anastrophe


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a·nas·tro·phe

 (ə-năs′trə-fē)
n.
Inversion of the normal syntactic order of words; for example, "Matter too soft a lasting mark to bear" (Alexander Pope).

[Late Latin anastrophē, from Greek, from anastrephein, to turn upside-down : ana-, ana- + strephein, to turn; see streb(h)- in Indo-European roots.]

anastrophe

(əˈnæstrəfɪ)
n
(Rhetoric) rhetoric another term for inversion3
[C16: from Greek, from anastrephein to invert]

a•nas•tro•phe

(əˈnæs trə fi)

n.
reversal of the usual order of words for rhetorical effect.
[1570–80; < Greek: turning back.]

anastrophe

a rhetorical device in which the usual word order of a phrase or sentence is reversed.
See also: Rhetoric and Rhetorical Devices

anastrophe

Another word for inversion.
ThesaurusAntonymsRelated WordsSynonymsLegend:
Noun1.anastrophe - the reversal of the normal order of words
rhetorical device - a use of language that creates a literary effect (but often without regard for literal significance)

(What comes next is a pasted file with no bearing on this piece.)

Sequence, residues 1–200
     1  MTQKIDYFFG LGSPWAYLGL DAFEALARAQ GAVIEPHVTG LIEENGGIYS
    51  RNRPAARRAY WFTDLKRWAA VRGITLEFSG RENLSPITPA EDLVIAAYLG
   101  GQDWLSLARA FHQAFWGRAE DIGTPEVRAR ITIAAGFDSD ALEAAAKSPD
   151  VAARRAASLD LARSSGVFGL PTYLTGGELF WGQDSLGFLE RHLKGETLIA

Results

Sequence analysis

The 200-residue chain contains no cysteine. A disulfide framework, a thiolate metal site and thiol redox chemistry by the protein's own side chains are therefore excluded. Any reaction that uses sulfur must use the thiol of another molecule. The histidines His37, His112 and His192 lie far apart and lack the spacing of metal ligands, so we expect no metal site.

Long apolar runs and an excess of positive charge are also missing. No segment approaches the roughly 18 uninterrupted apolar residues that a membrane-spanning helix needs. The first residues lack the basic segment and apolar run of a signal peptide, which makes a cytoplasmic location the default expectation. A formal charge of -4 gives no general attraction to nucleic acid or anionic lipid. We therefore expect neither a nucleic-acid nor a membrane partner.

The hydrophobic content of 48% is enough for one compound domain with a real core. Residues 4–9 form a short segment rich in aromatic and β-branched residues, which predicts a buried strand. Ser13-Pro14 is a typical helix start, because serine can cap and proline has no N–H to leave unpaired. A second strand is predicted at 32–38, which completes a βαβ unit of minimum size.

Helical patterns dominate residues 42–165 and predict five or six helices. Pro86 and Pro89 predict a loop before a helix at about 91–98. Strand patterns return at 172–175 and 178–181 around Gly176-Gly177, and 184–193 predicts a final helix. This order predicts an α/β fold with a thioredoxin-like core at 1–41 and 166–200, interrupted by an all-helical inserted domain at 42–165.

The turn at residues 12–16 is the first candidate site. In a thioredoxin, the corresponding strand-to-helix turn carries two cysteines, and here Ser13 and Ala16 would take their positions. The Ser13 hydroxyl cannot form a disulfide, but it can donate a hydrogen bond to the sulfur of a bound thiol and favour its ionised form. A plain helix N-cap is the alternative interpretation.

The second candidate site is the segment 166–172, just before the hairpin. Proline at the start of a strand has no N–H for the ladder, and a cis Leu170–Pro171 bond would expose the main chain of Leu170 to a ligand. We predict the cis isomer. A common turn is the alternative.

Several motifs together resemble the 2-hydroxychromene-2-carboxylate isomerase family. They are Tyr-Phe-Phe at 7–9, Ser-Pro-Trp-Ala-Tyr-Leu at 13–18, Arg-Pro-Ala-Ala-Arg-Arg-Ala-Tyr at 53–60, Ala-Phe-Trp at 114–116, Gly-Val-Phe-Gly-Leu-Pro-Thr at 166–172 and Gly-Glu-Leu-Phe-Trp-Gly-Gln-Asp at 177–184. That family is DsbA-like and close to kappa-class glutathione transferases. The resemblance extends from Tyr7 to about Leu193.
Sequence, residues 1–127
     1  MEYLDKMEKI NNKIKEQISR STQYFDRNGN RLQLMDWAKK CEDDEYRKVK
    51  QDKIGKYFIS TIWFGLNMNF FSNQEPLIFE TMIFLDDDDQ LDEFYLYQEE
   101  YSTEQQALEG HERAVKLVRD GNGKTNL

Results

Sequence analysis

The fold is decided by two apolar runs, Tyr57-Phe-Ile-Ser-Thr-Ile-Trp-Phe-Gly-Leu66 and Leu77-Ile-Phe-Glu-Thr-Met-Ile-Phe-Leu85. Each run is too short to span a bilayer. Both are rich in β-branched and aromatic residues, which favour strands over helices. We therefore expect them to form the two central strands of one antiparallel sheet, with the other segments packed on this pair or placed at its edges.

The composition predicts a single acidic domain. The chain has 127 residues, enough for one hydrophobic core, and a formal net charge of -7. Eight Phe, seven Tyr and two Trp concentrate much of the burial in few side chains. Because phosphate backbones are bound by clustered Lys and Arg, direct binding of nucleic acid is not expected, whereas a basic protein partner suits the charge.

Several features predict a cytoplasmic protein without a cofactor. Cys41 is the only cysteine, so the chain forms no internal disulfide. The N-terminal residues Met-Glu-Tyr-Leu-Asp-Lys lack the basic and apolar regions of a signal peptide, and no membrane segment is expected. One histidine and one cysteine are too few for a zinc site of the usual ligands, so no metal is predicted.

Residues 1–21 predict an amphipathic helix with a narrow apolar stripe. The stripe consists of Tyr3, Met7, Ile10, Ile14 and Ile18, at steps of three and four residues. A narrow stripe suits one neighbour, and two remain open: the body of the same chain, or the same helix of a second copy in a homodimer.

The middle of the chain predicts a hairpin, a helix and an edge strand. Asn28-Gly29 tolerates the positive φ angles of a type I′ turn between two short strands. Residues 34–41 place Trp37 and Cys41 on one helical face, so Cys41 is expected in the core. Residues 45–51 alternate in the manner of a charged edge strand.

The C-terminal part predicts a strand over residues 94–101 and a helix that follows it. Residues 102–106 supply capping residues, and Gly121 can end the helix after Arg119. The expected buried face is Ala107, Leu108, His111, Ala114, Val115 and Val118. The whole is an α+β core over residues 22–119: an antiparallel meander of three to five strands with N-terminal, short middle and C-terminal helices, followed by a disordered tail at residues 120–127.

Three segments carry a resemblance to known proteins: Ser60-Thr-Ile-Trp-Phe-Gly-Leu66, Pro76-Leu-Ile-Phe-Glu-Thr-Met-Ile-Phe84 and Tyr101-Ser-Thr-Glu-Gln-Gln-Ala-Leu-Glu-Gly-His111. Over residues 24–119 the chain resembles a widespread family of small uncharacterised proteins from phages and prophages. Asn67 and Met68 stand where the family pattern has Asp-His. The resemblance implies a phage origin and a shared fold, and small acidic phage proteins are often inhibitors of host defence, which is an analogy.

Translations
anastrofa
References in periodicals archive ?
Among the forty independent clauses of this digression, many ending with question marks or Woolf's characteristic semi-colons, only once does the narrator depart from conventional syntactic order, as in this anastrophe, "Venerable are letters," a departure the narrator varies by repeating the same line in normal order: "Yet letters are venerable" (Woolf 1923, 93).
In "Wishing Well," certain rhythmic and syntactic flourishes--the fluctuations between seven and eight syllables, between three and four accents per line, and the anastrophe of "whether such a small as this / sacrifice is worth one wish"-endowed with fluency a structure that had no correlative in its essentially static scene.
First, they were named by the Greeks and have kept the Greek terminology--isocolon, anastrophe, polysyndeton, etc.
When we ask this question, we will find that in a grammatical sense, this line as a whole cannot be considered as a prepositional phrase; rather it should be a present participle phrase in inverted order that can be called a rhetorical anastrophe. The normal order of the line should be read like this: almost despising myself in these thoughts.